Tina Leonard, New York Times and USA Today Bestselling Author

Her Callahan Family Man

Read the Excerpt

Jace Chacon Callahan stared back at the petite fireball glaring at him. Sawyer Cash was his nemesis, his nightmare, the one woman that could keep him awake at night, racked by desire. Her killer body and haunting smile stayed lodged in his never-at-rest brain. And now here she was, red hair aflame and blue eyes focused, oblivious to the fact that his mind was never quite free of her. “You’re the bidder who won me at the Christmas ball?” Jace demanded.

Sawyer shrugged. “Don’t freak out about it. Someone had to bid on you. I was just trying to contribute to your aunt Fiona’s charity. Are we going to do this thing or not?”

He seemed to be locked in place, thunderstruck. For starters, Sawyer was telling a whopper of a fib. There’d been plenty of ladies bidding a few weeks ago for the chance of winning a dinner date with a Callahan bachelor, which happened to be him.

But what had him completely poleaxed was that the little darling who had such spunk—and whatever else you wanted to call the sass that made her an excellent bodyguard and a torture to his soul—was that Sawyer was quite clearly, this fine February day, as pregnant as a busy bunny in spring.

In a curve-hugging, hot pink dress with long sleeves and a high waist, she made no effort to hide it. Taupe boots adorned her feet, and she looked sexy as a goddess, but for the glare she wore just for him.

A pregnant Sawyer Cash was a thorny issue, especially since she was the niece of their Rancho Diablo neighbor Storm Cash. The Chacon Callahans didn’t quite trust Storm, yet in spite of that fact they’d hired Sawyer to guard the Callahan kinder.

But then Sawyer had simply vanished off the face of the earth, leaving only a note of resignation behind. No forwarding address, a slight he’d known was directed at him.

Jace knew this because for the past year he and Sawyer had had “a thing,” a secret they’d worked hard to keep completely concealed from everyone.

He’d missed sleeping with her these past months. Standing here looking at her brought all the familiar desire back like a screaming banshee.

Yet clearly they had a problem. Best to face facts right up front. “Is that why you went away from Rancho Diablo?” he asked, pointing to her tummy.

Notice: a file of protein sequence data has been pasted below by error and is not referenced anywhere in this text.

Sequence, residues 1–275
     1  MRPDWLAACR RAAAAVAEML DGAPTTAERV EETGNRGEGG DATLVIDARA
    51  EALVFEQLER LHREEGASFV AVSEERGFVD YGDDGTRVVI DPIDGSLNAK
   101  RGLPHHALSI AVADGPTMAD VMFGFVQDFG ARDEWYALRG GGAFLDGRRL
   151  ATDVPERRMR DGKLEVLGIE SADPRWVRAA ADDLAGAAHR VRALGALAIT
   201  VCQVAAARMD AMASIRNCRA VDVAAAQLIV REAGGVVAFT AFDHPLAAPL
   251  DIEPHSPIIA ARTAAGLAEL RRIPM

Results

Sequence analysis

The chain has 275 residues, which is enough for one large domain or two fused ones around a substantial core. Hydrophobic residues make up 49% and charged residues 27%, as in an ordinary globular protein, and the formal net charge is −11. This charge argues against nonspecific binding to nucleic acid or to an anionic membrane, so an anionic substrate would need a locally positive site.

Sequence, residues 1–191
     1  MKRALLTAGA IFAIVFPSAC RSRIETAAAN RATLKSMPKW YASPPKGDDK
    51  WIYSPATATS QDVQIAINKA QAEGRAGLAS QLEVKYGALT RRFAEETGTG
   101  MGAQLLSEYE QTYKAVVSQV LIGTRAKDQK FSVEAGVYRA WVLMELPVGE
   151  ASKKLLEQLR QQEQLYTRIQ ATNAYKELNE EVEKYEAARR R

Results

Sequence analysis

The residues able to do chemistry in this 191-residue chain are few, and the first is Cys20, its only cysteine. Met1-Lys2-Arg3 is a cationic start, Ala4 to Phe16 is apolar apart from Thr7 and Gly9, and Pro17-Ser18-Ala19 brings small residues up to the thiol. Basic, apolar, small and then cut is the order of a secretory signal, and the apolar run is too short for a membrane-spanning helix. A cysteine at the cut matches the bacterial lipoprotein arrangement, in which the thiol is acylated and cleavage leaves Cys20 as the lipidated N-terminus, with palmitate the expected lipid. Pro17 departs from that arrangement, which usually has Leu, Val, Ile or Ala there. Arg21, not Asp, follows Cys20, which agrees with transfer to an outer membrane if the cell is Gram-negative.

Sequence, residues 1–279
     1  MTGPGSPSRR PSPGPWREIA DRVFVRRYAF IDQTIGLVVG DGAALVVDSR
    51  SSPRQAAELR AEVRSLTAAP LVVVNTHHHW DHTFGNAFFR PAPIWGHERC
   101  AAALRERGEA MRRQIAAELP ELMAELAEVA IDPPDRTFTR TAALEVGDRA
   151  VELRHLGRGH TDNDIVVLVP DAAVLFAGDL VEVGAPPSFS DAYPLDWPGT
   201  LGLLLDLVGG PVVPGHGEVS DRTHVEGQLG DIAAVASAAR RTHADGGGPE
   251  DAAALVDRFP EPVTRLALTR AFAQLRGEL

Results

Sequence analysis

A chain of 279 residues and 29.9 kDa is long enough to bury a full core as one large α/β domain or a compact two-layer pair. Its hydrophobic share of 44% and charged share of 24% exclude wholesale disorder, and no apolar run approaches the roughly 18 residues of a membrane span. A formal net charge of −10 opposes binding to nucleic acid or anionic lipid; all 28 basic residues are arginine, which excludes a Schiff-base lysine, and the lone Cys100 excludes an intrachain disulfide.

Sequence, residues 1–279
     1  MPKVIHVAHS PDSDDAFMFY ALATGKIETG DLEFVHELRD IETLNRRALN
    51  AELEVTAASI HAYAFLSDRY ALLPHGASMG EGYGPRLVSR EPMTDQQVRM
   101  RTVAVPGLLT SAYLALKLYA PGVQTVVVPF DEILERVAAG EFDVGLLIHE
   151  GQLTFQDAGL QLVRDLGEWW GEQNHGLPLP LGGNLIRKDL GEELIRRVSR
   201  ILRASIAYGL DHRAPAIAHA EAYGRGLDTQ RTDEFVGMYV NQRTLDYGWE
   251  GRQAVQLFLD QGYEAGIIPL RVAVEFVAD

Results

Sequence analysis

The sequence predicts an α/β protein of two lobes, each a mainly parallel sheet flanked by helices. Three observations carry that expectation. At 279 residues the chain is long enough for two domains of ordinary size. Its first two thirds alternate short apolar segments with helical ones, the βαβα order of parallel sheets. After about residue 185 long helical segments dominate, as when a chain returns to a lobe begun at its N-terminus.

She raised her chin. “Are we going on this date or not? Although it won’t surprise me if you back out, Jace. You were never one for commitment.”

Commitment, his boot. Of his six siblings, which consisted of a sister and five brothers, he’d been the one who’d most wanted to settle down, maybe even return to his roots in the tribe. By now he’d been fighting the good fight for Rancho Diablo for such a long time he never thought about living anywhere but here, or at least no farther away than the land across the canyons, which his brother Galen had shocked them all by acquiring, in a direct assault on Aunt Fiona’s marriage raffle for the property.

The siblings thought Galen had cheated, or at least “rigged” the ranch deal in his favor. Jace and Ash hadn’t had a chance to marry and have babies, all prerequisites for Fiona’s ranch raffle. Ash was still steamed as heck with her big brother, Galen, whom she adored—although not when it came to acquiring the ranch she’d already named Sister Wind Ranch, which was actually called Loco Diablo by him and his brothers.

Jace wanted the land for himself, but he’d never pushed hard enough to find a lady with whom he could settle down and start a family, a necessary component of the marriage raffle. He’d been too busy chasing Sawyer night and day—or, to be more precise, letting himself get caught by her.

He gazed at her stomach again, impressed by the righteous size to which she’d grown in the short months since he’d last seen her—and slept with her.

He wished he could drag her to his bed right now.

“I’m your prize, beautiful,” he said. “No worries about that. But before we go, you’re going to admit whether that child you’re carrying is mine or not.” He wouldn’t be able to eat a bite, thinking about another man finding his way into Sawyer’s sweet bed. Jace broke into an uncomfortable sweat just imagining someone else with his adorable darling.

“I’m hungry, and in no mood to chat.” Sawyer turned to walk away, and he caught her hand to stop her, pulling her toward him. That she was avoiding the topic told him everything he needed to know.

“It’s my baby,” he stated quietly, his gaze pinning hers. “Don’t deny it.”

“I’m not.”

Her perfume wrapped around him; her heart-shaped lips were close enough to kiss. His ears rang with her admission, and Jace struggled to take in that he’d awakened this frosty February morning in Diablo, New Mexico, a free man—and would go to bed a caught man, and a father. “You’re having my baby?”